February 24, 2022 - Original Post

Energy Market Update

Russian troops invaded Ukraine and Ukraine’s President issued a statement declaring martial law. Ukrainian allies, including the U.S., are expected to impose further economic sanctions on Russia. From previous Breakthrough Advisor coverage, you have become aware that Russia is a significant producer of global energy supplies, particularly crude oil and natural gas. Sanctions have already targeted Russian energy infrastructure plans in Europe (Nord Stream 2 natural gas pipeline). Further sanctions are likely to target the Russian energy industry because of its role in its economy. Russia exports about 4.5 million barrels of crude oil and refined product daily so any disruption of Russian exports can have a profound impact upon global energy prices. To our knowledge, applying sanctions to the movements of energy supplies has not been directly discussed at this time. There does not appear to be a quick resolution to this conflict. The scope and duration of disruption will remain speculative and will drive energy prices higher.

The Impact on Energy Prices

Markets responded to the progression of developments that culminated in Russia’s invasion of Ukraine. Wholesale diesel prices increased more than 55 cents per gallon (19 percent) from the initial threat of U.S. sanctions that occurred on December 7, 2021, leading up to the Russian invasion on February 24, 2022. This is shown in the chart below.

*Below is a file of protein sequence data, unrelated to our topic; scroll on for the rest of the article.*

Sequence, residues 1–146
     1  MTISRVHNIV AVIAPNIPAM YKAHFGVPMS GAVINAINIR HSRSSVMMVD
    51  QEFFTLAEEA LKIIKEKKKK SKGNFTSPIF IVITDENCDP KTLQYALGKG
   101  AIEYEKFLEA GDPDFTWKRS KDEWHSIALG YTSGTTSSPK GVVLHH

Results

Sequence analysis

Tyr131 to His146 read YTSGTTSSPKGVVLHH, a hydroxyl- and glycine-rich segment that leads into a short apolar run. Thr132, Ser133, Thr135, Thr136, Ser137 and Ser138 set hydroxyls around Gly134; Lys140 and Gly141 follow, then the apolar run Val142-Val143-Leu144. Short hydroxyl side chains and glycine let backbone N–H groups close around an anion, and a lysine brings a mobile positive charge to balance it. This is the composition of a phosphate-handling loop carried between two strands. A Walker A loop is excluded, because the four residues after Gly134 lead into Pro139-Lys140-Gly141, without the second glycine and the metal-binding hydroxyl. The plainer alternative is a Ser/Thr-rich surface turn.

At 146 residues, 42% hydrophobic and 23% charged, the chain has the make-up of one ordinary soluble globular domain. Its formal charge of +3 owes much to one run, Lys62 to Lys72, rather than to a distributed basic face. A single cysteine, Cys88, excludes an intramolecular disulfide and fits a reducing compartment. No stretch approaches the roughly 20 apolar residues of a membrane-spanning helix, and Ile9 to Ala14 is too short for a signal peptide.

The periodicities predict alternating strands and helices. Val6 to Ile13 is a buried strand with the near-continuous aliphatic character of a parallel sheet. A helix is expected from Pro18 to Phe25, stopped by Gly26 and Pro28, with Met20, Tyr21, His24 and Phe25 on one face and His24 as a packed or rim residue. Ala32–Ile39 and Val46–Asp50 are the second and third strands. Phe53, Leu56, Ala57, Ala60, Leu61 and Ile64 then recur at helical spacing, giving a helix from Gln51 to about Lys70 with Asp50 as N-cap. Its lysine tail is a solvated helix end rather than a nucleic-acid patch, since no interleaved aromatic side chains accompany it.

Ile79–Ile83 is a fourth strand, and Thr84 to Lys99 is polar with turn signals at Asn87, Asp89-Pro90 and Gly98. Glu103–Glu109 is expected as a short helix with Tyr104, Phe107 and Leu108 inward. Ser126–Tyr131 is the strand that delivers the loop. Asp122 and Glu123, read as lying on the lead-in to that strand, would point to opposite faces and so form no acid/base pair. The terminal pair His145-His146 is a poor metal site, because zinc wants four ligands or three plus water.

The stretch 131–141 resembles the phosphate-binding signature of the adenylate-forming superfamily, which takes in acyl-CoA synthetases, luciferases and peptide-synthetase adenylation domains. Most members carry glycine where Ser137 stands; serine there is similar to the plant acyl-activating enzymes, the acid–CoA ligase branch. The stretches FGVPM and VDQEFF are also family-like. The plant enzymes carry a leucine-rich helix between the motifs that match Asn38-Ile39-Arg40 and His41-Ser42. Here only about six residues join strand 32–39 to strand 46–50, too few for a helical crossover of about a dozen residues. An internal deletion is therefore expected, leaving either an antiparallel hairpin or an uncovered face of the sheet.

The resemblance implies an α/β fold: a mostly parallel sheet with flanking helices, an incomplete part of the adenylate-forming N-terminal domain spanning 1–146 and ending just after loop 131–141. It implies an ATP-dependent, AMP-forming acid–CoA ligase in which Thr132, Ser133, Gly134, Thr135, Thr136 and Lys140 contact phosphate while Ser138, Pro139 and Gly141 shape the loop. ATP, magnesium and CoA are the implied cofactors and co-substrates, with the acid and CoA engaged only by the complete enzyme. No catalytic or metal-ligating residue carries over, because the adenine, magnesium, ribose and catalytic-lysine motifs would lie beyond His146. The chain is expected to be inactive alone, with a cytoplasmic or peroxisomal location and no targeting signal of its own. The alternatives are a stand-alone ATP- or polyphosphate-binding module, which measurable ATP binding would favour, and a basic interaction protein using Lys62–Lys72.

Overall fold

Markets also responded quickly to this morning’s invasion (following figures as of market close PM CST on February 24, 2022).

  • Crude oil prices (WTI) started the day near $100 per barrel but finished less than $1 per barrel higher at $93 per barrel (Brent crude rose to $99 per barrel).

  • Diesel prices increased about 6 cents per gallon (national wholesale prices near $3.70 per gallon). The DOE-wholesale spread will subsequently contract by about 6 cents per gallon.

  • Commodities outside of energy (e.g., agricultural) are also facing upward price pressure.

  • Global currencies are volatile.

  • The U.S. has begun coordinating an oil release from the Strategic Petroleum Reserves with other countries also bringing supplies onto the market.

Global energy supplies were tight before the elevated risk and eventual geopolitical crisis arose. A swift resolution to the conflict does not seem likely. We expect transportation energy prices will therefore remain high for months to come. Many comparisons are being made to 2014 as the last time WTI oil prices were above $100 per barrel. For a comparison on the impact to diesel prices, the following graphic compares the diesel prices from July 2014—the last month where oil prices averaged over $100 per barrel—and an estimated diesel price for tomorrow, February 25. The overall price of diesel is higher in today’s market, due to a larger diesel crack spread from diesel demand as well as higher other cost elements (like fuel terminal margins and state taxes).

Helpful guidance:

  • Wholesale diesel prices rise approximately 2.4 cents per gallon for each $1 per barrel increase in the crude oil market.

  • The Applied Knowledge Team communicated a significant Q1-Q2 2022 forecast increase with clients during our mid-month webcast on February 16. This remains our expectation. The next forecast release will be on March 2, 2022 as part of the March Advisor publication.